As mentioned we left a sunny Mapua on Monday morning heading to the NZMCA Park at Murchison.
We had a farewell dinner with Paul & Amanda at Mapua's Sprig & Fern Tavern the night before and when we left to head home the temperature outside had dropped dramatically, it felt like snow somewhere. And there it was, a light spring dusting along the Richmond Range. No wonder it had been freezing overnight, down to 1 degree at one stage and very chilly when we got up in the morning. The diesel heater got a late season work out.
We stopped at Wakefield for lunch and then scouted the town for churches. And found a lovely surprise- the oldest church in the South Island, St Johns Church, built in 1846.
St Johns was located atop a small hill so David parked at the bottom and I walked up the road passing this ostentatious property with a weird bronze statue at the entrance, on the way.
What's with that statue? I check with Mr Google and all was revealed. That is Richard Nixon making his famous 'V' 'peace gesture in front of a replica White House. Really? Yes really. The property- it is for sale- belongs to a controversial businessman whose runs an international publishing company, Haldeman, which offers advice to help people begin careers in the mining industry, start their own radio stations or engage in personal development. A bit of a an eclectic mix there and he obviously hasn't followed his own advice. Read the links for more information.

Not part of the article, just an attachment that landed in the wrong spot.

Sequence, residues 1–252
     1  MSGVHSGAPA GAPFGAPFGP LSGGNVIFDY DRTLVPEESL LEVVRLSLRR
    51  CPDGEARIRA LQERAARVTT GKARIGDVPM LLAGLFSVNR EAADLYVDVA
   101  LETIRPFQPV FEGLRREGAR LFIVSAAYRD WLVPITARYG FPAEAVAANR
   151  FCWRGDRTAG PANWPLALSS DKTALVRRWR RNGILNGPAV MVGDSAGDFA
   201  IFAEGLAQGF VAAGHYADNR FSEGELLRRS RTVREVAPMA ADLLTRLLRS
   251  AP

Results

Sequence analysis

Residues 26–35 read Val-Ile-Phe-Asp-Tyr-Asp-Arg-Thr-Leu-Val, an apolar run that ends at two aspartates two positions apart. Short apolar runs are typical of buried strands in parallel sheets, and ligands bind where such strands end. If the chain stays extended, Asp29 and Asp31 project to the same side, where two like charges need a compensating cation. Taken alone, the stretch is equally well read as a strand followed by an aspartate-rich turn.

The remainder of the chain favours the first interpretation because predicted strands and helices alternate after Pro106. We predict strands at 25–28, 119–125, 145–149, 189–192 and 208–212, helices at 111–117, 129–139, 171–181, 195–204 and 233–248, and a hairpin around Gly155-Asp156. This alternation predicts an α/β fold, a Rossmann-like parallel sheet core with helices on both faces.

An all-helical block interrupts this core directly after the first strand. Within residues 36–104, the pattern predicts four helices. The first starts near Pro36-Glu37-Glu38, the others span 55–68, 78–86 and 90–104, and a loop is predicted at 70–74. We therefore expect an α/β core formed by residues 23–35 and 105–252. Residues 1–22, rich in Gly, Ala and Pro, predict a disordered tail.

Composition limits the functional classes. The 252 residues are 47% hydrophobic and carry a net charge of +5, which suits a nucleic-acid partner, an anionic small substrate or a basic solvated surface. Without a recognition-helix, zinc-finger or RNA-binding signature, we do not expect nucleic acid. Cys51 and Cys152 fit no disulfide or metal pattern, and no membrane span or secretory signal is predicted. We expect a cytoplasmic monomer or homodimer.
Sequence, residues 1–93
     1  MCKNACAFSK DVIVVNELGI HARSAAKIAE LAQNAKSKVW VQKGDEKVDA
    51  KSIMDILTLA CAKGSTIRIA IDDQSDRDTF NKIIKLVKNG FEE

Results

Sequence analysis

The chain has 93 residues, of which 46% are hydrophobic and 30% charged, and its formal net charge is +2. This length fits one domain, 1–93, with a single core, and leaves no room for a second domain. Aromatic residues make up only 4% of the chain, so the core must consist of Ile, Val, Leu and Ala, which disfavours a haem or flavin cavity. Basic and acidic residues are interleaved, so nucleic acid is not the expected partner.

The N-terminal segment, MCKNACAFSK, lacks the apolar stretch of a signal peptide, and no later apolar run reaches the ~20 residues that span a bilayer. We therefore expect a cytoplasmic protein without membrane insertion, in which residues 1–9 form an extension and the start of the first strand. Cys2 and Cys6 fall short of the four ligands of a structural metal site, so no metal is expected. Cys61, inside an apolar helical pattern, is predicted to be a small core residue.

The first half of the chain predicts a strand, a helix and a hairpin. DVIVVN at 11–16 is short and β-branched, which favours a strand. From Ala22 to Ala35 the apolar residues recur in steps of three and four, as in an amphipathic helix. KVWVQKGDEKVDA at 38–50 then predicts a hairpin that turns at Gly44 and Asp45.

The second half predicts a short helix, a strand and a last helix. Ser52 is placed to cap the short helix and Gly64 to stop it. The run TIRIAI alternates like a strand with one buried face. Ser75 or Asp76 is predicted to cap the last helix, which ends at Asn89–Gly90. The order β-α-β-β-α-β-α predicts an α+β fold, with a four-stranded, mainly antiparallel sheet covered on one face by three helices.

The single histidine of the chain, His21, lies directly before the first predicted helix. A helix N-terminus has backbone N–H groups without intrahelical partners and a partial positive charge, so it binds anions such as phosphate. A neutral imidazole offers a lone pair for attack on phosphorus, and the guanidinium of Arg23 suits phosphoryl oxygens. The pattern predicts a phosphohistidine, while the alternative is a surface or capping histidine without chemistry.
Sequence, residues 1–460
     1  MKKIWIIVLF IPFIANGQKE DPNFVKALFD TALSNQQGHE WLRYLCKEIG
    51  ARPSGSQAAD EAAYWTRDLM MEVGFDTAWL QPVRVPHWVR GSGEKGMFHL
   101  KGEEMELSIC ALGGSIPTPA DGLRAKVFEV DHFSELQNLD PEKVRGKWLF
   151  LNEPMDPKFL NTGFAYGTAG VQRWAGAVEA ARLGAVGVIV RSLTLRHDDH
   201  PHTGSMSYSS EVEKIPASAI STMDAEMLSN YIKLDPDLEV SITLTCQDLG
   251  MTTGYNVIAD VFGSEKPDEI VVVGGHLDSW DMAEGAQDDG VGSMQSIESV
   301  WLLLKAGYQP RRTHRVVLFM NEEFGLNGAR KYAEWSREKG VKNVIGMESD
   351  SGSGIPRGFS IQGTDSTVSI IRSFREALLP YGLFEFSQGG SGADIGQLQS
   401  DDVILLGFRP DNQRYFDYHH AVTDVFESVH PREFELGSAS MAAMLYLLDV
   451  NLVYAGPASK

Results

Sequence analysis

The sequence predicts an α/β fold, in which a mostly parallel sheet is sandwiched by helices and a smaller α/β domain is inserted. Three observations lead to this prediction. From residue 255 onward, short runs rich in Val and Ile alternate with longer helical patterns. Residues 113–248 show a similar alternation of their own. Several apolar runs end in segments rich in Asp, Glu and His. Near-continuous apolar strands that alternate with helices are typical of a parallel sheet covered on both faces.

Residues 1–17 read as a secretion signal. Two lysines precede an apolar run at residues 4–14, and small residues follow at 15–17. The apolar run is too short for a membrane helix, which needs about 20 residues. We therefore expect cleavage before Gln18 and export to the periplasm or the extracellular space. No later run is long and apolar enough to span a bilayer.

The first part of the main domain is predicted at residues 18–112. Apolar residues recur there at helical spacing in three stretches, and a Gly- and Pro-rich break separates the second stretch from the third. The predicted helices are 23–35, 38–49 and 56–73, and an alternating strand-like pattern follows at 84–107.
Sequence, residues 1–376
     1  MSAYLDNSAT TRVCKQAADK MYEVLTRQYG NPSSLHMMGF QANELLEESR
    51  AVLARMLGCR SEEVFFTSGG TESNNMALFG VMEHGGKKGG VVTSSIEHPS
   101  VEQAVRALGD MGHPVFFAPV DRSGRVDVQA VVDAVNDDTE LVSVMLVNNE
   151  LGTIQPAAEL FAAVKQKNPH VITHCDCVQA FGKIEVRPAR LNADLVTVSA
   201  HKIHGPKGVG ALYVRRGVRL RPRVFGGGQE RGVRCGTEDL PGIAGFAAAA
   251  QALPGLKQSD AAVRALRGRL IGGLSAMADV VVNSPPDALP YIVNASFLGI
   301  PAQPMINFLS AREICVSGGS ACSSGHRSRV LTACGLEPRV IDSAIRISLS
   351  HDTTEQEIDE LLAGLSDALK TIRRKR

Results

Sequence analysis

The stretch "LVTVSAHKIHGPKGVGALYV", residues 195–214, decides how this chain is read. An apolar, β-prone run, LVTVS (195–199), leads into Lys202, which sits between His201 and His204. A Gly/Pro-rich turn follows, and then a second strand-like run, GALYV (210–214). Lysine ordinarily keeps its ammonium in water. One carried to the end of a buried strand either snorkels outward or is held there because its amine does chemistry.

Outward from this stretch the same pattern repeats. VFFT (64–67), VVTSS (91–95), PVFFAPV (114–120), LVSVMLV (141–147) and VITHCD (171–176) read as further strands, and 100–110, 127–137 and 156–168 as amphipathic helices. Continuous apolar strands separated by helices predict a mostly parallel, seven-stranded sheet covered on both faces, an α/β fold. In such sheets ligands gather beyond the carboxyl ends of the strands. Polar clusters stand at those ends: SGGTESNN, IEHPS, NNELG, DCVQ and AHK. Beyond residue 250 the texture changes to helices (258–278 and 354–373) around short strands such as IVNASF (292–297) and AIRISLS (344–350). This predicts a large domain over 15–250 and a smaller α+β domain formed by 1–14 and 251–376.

I had a quick walk through town taking a few photos of the older buildings. While I was lining up this building a young boy was jumping up and down, prancing back and forward in front of me, pulling funny faces and poses at the camera. Rather than tell him to push off, I asked him if he'd like his photo taken. 'Yes please!' he said, and grabbed his Halloween mask to put on. Then he moved out of my way so I could capture the building. Sometimes you've just got to engage with them.
This shot made me smile, the boys are heading uphill and in the wrong direction to catch some waves. Wakefield is about 30kms from the coast. Perhaps they were heading to a favourite river to ride some rapids.
We leave Wakefield behind and continue up the valley and over Spooners Range, through some lovely countryside. The scenery is beautiful, with lush spring growth, dairy farms with paddocks full of fat cows and healthy calves, pine forests and native bush in every shade of green, along with many abandoned buildings, old cottages and old style homesteads. One day I need to do a slow road trip through here so I can capture all the abandoned buildings.The early settlers in this area must have been a God-fearing bunch as there are more old churches per square mile than I have seen anywhere in New Zealand.
The last photo stop before we reach Murchison is to take shots of St Georges Church in Motupiko, which was built in 1897 and is in need of some tender loving care before too much more of it is reclaimed by nature.